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Engagement pros share tips on prioritizing their work: How to pour love into your passion projects without running dry

There are any number of ways to think about the time and energy journalists have to put into engagement work. (Simmering pots, rocks, pebbles, and sand, a bucket filled with love.) No matter the metaphor, one thing is clear: making passion projects happen requires dedication in the face of constant demands on your time.

At Hearken, we help newsrooms connect more deeply with their audiences. But once you’ve decided to pursue audience engagement, how do you go about actually making it happen? To find out, I interviewed six engagement practitioners serving newsrooms across the country.

When Bobby Blanchard first started as the social media editor at The Texas Tribune, his boss told him any engagement job would be like running on a hamster wheel.

“There’s never not something else you could be doing,” Blanchard said. “The question is, is it worth the time and will you get value or impact out of it?”

Here are three questions to ask when taking on an engagement project, big or small, to effectively prioritize your precious time.

1. What should we commit to working on?

There are three factors Vox Senior Engagement Manager Lauren Katz recommends considering when taking on a new engagement project:

  • Do you have the commitment in the newsroom to do the work?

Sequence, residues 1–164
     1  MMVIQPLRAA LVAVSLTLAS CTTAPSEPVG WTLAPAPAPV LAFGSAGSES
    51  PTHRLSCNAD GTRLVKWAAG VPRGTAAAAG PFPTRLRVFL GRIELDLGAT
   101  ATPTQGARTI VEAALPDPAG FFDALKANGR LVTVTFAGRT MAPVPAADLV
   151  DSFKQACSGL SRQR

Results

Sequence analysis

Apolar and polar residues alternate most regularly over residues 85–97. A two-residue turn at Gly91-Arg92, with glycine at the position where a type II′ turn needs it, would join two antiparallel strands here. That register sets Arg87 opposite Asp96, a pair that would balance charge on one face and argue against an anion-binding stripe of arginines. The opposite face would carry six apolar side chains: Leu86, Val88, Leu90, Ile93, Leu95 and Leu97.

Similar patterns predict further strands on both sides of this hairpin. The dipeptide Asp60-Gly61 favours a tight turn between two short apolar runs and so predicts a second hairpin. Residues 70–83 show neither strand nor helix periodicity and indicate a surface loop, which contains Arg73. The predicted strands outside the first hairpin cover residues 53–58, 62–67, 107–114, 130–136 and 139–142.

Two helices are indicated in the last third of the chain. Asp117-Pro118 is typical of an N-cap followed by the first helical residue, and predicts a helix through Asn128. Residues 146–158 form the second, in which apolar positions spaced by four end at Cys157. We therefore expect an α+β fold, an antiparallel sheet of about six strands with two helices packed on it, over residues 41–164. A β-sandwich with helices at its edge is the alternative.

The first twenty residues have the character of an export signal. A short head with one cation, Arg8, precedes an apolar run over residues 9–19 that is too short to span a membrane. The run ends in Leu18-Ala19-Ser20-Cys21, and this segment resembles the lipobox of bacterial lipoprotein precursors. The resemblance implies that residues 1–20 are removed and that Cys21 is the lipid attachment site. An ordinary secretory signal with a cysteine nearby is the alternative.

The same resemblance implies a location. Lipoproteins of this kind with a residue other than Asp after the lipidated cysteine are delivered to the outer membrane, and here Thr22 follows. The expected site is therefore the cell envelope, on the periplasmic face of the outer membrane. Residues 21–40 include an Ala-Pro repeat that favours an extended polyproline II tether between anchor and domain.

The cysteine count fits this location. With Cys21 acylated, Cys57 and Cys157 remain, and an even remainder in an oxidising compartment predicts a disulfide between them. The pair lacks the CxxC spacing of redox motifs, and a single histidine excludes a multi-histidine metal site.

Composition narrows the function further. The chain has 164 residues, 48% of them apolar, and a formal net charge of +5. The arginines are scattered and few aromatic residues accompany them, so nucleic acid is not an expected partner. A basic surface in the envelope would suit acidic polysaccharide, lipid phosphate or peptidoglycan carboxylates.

• Is it something you’re going to be working on for a long time?
  • Is it on brand for you?

Getting commitment in the newsroom requires both reporters and higher management to be on board, and to get on the same page in terms of what they hope to accomplish.

“Reporters are often initially excited about engagement because they think it’s going to help with their reporting,” said Olivia Henry, engagement editor for the USC Annenberg Center for Health Journalism, which has offered engagement grants to further impact since 2013.

“What I try to do is to help them find a balance between what serves the reporter’s goals and what serves the community’s needs and curiosity.”

While reporters may be bought in based on the benefits to their reporting, it’s also important to explain the value to higher management. For Shawn Allee, senior editor of editorial operations at WBEZ in Chicago, that means demonstrating that they are able to consistently deliver longer-form products that serve their organization’s mission.

Even if everyone is bought in and the project is on brand, it may not be the right fit unless it will last long enough to make an impact. Katz and Vox’s Senior Policy Correspondent Sarah Kliff thought about starting a Facebook group centered around chronic pain, but Kliff wasn’t covering that topic more than once. Instead, they switched to health care — specifically the Affordable Care Act — a coverage area that was going to be a long-term reporting focus.

OK! The reporters and editors are ready to go, the higher-ups understand the value, there’s a plan that is on brand and will last a decent amount of time: the stage is set for engagement greatness. Which leads us to…

2. How will I organize my time?

Behold: the power of the calendar, checklist and notification.

A fully scheduled day in Bobby Blanchard’s calendar.